Posts Tagged With: family

Does Anyone Really Care?

The other day I read a quote that has stuck with me ever since.

Here’s the result of what I took from it.

During the journey of life, everyone goes through tough times. Everyone hurts. Everyone struggles. Everyone experiences some form of pain or loneliness. The reasons behind these feelings and their intensity differ, depending on the person and the situation. But these are all factors in the human experience.

There are times in your life when you’ll feel like no one really cares about you. You’ll feel lonely, like no one understands you.

During those times, it’s easy to internalize those feelings; to start thinking that you’re worthless, that it’s your fault no one cares about you, that you aren’t worthy of being loved. It’s easy to imagine these things about yourself, because in your mind, you have the proof: no one even notices when you’re struggling.

But the truth is, the actions (or apparent inaction) of others has nothing to do with you. The reality is that other people’s lives don’t revolve around you, as much as we all like to think they do. Most people have so much going on in their own lives that their world revolves around themselves. They have so much packed into their heads that they can’t see beyond their own to-do lists. Their thoughts are continually focused on the future – that person they have to meet, the deadline looming over them, the bills they have to pay, or the thousand other trivial thoughts popping up to no end.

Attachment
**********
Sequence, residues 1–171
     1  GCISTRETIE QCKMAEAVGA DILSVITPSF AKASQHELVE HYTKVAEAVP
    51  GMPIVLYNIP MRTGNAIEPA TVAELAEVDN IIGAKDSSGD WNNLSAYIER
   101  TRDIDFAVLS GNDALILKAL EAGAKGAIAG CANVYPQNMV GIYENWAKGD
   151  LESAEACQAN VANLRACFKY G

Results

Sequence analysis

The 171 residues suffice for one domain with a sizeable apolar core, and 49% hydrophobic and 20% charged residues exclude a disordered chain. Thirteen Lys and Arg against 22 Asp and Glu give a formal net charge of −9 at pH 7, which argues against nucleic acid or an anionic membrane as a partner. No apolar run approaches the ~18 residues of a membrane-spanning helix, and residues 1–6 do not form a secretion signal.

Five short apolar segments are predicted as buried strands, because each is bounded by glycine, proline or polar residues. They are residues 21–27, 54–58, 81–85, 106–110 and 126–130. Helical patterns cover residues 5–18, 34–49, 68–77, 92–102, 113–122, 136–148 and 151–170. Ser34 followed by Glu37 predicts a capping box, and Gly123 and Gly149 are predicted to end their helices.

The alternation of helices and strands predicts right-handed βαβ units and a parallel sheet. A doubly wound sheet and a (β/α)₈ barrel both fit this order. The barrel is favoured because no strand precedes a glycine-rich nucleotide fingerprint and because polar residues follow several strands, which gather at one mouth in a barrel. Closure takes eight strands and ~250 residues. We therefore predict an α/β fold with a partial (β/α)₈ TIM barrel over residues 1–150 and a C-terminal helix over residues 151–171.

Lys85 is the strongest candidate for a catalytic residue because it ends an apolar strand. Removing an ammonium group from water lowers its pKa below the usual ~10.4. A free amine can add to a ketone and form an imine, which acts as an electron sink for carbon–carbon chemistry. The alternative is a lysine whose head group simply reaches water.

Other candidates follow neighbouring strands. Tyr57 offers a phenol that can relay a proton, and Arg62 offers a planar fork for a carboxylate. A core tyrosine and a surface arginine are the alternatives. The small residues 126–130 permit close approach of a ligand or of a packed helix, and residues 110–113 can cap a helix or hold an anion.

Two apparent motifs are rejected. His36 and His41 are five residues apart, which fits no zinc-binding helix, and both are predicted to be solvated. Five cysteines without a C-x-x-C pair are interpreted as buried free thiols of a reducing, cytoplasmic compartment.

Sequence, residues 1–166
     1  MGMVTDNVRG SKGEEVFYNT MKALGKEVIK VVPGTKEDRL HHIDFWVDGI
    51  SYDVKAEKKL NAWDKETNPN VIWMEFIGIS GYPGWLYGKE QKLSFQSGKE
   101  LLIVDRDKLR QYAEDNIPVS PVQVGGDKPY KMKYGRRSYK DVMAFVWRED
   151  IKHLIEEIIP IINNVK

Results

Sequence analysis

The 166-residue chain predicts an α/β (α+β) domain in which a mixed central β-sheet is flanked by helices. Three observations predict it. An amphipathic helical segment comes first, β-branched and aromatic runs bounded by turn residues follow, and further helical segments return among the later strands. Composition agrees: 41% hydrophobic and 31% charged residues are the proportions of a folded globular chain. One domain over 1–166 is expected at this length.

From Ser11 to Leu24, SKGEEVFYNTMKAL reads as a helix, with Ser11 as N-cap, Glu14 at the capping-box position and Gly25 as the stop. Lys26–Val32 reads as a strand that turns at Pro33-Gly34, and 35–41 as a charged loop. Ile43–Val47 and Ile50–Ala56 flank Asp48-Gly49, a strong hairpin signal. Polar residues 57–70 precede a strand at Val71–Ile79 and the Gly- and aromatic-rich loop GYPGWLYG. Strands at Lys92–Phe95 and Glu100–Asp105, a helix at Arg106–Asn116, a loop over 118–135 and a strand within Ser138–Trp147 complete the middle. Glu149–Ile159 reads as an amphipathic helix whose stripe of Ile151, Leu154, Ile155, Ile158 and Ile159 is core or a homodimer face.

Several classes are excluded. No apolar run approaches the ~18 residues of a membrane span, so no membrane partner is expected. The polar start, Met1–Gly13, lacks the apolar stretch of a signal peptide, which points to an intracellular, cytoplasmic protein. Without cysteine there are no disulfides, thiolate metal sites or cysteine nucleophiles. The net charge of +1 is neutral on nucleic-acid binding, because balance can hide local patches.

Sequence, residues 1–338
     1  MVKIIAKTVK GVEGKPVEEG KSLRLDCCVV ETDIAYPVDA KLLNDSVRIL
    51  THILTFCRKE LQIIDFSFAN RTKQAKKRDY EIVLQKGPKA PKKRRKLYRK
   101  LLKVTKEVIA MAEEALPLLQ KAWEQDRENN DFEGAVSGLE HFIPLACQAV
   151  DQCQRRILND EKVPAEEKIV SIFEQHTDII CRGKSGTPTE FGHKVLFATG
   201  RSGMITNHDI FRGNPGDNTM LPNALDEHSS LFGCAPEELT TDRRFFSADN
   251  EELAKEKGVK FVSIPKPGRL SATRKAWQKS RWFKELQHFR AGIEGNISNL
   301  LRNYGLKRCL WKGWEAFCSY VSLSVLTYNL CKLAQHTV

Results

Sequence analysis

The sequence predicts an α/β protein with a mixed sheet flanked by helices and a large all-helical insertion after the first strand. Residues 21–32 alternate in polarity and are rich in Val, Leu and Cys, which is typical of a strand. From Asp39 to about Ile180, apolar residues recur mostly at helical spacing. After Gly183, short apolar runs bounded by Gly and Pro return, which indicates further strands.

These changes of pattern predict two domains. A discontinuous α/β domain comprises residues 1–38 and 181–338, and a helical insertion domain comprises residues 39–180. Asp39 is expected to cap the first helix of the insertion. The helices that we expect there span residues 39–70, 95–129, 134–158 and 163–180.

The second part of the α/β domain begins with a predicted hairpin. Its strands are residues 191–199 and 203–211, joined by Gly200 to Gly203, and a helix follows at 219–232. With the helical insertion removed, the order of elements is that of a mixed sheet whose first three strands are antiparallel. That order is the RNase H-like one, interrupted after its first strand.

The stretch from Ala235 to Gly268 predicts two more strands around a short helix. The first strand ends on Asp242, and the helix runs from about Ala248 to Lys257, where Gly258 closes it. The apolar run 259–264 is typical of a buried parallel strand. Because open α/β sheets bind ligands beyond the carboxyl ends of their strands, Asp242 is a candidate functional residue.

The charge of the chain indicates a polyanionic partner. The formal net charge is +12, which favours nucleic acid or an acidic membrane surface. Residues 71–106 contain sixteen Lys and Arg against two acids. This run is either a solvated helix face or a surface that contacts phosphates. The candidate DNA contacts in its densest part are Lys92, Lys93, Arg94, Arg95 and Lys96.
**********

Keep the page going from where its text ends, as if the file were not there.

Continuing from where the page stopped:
For those of us trying to remove ourselves from that trap of non-stop thinking by learning to live in the moment, it can be hard to connect with these people on a deeper level. They are simply “too busy.” They have no available space in their minds for making personal connections, and certainly no time to spare.

My experience in trying to connect with someone trapped in the “too busy” mindset has usually resulted in feeling either neglected or guilty; neglect because they don’t seem to show a genuine interest in my well-being, or guilt for loading more problems onto their already overflowing plate by sharing my struggles with them.

However, I’ve learned some important things over the last few months through this experience.

“Things are not always as they seem.”

It’s a saying I’ve been familiar with for a long time, but am only just realizing the value of now. Just because someone appears to be too busy to care about you, it doesn’t mean they don’t. You can never truly know how someone else is feeling or what they’re thinking. People’s words and actions are not always representative of their true feelings. So, while someone seems indifferent to your suffering, or appears to not even have noticed that you are lonely or hurting, they may actually love you with all their heart.

For me, that’s the hardest part to remember. It’s easy to make assumptions based on the actions of others, but these assumptions will likely lead you to nothing but pain, often because they aren’t correct.

So, next time you feel invisible, remember that the friends and family you are expecting attention and validation from, also have their own lives. It doesn’t mean they don’t care about you. They, too, are struggling through this wild ride we call life. Maybe they haven’t yet broken free from the anxiety-inducing task list running through their head. Maybe they don’t know how. Maybe they haven’t even realized that it’s a possibility. Maybe they don’t believe it is.

I guess in the end, we’re all just doing our best. I’m no expert on living in the moment, but I’m trying to live a life of peace.

For me, that means living with a mind free of clutter.

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Categories: My 500 Words, Writing | Tags: , , , , , , , , , , , , , , , | Leave a comment

A Korean Christmas, Round Two